From Phantis
Jump to navigation Jump to search

In Greek mythology, as recorded in the Iliad by Homer, Patroclus, or Pátroklos (Gr. Πάτροκλος "glory of the father"), son of Menoetius, was Achilles' best friend.


Menoetius was a member of the Argonauts in his youth. He had made at least four marriages. All four of his wives were identified as the "mother" of Patroclus in different versions. Which one was mother or step-mother seems uncertain:

Menoetius was a son of Actor, King of Opus in Locris by Aegina. Aegina was a daughter of Asopus and mother of Aeacus by Zeus. Aeacus was father of Peleus, Telamon and Phocus.

Actor was a son of Deion, King of Phocis and Diomede. His paternal grandparents were Aeolus of Thessaly and Enarete. His maternal grandparents were Xuthus and Creusa, daughter of Erechtheus and Praxithea.

Life before the Trojan War

In his youth, Patroclus killed his friend, Clysonymus, during an argument. His father had to escape into exile with Patroclus to escape punishment, and they took shelter at the palace of their kinsman King Peleus of Phthia. There Patroclus apparently first met Peleus' son Achilles. Peleus sent the boys to live in the wilderness and be raised by Chiron, the wise King of the centaurs.

Patroclus was likely somewhat older than Achilles. He is listed among the unsuccessful suitors of Helen of Sparta. Helen instead was given by Tyndareus to Menelaus. All suitors took a most solemn oath to defend the chosen husband against whoever should quarrel with him.

At about that time Patroclus killed Las, founder of a namesake city near Gytheio, Laconia, according to Pausanias the geographer. Pausanias reported that the killing was alternatively attributed to Achilles. However Achilles was not otherwise known to have ever visited Peloponnesos.

Nine years later, Helen fled Sparta with Prince Paris of Troy. Menelaus and his brother Agamemnon, King of Mycenae, started contemplating war against Troy. The preparations for war and gathering of allies and armies took him ten years, according to some versions.

Trojan War activities

When Achilles refused to fight because of his feud with Agamemnon, Patroclus donned his armor, led the Myrmidons and killed many Trojans, including Sarpedon(a son of Zeus), and Cebriones (the chariot driver of Hector). He was killed by Hector and Euphorbos, with help from Apollo.

After retrieving his body, which had been protected on the field by Menelaus and Telamonian Aias, Achilles returned to battle and avenged his companion's death by killing Hector and desecrated his body behind his chariot instead of allowing the Trojans to honorably dispose of it by burning it. Achilles' grief was great and for some time, he refused to bury Patroclus' body, but he was persuaded to do so by an apparition of Patroclus, who told him he could not enter Hades without a proper cremation. Achilles cut a lock of his hair and sacrificed horses, dogs, and twelve Trojan captives before placing Patroclus' body on the funeral pyre.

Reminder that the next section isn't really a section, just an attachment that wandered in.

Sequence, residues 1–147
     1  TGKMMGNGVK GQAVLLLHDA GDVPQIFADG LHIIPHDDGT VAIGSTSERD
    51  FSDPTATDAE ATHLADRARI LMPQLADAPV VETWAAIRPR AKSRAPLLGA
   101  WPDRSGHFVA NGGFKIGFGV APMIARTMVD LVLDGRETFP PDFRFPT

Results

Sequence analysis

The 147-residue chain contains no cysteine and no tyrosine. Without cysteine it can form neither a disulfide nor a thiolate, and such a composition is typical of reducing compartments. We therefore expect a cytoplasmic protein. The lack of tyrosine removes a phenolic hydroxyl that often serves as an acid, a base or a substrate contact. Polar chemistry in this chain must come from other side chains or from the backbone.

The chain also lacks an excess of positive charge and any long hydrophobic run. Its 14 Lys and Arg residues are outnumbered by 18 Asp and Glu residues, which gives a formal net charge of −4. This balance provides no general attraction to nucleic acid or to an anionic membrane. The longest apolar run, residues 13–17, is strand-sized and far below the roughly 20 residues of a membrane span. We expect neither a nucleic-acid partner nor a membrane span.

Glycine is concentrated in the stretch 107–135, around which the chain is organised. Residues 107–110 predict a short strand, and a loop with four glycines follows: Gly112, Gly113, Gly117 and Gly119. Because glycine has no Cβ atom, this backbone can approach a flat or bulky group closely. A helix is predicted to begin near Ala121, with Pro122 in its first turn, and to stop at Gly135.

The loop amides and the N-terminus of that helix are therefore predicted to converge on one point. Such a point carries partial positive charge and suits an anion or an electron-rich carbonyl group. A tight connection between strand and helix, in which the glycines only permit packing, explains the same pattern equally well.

Achilles then organized an athletic competition to honour his dead companion, which included a chariot race (won by Diomedes), boxing (won by Epeios), wrestling (a draw between Telamonian Aias and Odysseus), a foot race (won by Odysseus), a duel (a draw between Aias and Diomedes), a discus throw (won by Polypoites), an archery contest (won by Meriones) and a javelin throw (won by Agamemnon, unopposed). The games are described in Book 23 of the Iliad, one of the earliest references to Greek sports.

Relationship to Achilles

In the Iliad, the relationship between Patroclus and Achilles is a vital part of the story. The relationship contributes to the overall theme of the humanization of Achilles. While the Iliad does not explicitly say so, in later Greek writings, such as Plato's Symposium, the relationship between Patroclus and Achilles is held up as a model of sexual love. However, other ancient authors, such as Xenophon in his Symposium, argue that it is a mistake to label their relationship as a sexual one.

Burial and later reports

The death of Achilles is given in sources others than the Iliad. His body was placed on a funeral pyre. His bones were mingled with those of Patroclus so that the two would be companions in death as in life and the remains were transferred to Leuke, an island in the Black Sea. Their souls were reportedly seen wandering the island at times.

In Homer's Odyssey, Odysseus meets Achilles in Hades, accompanied by Patroclus, Telamonian Aias and Antilochus.

A general of Croton identified either as Autoleon or Leonymus reportedly visited Leuke while recovering from wounds received in battle against the Locri Epizefiri. The event was placed during or after the 7th century BC. He reported having seen Patroclus in the company of Achilles, Ajax the lesser, Telamonian Aias, Antilochus and Helen.

Spoken-word myths - audio files

Achilles and Patroclus myths as told by story tellers
1. Achilles and Patroclus, read by Timothy Carter
Bibliography of reconstruction: Homer Iliad, 9.308, 16.2, 11.780, 23.54 (700 BC); Pindar Olympian Odes, IX (476 BC); Aeschylus Myrmidons, F135-36 (495 BC); Euripides Iphigenia in Aulis, (405 BC); Plato Symposium, 179e (388 BC-367 BC); Statius Achilleid, 161, 174, 182 (96 CE)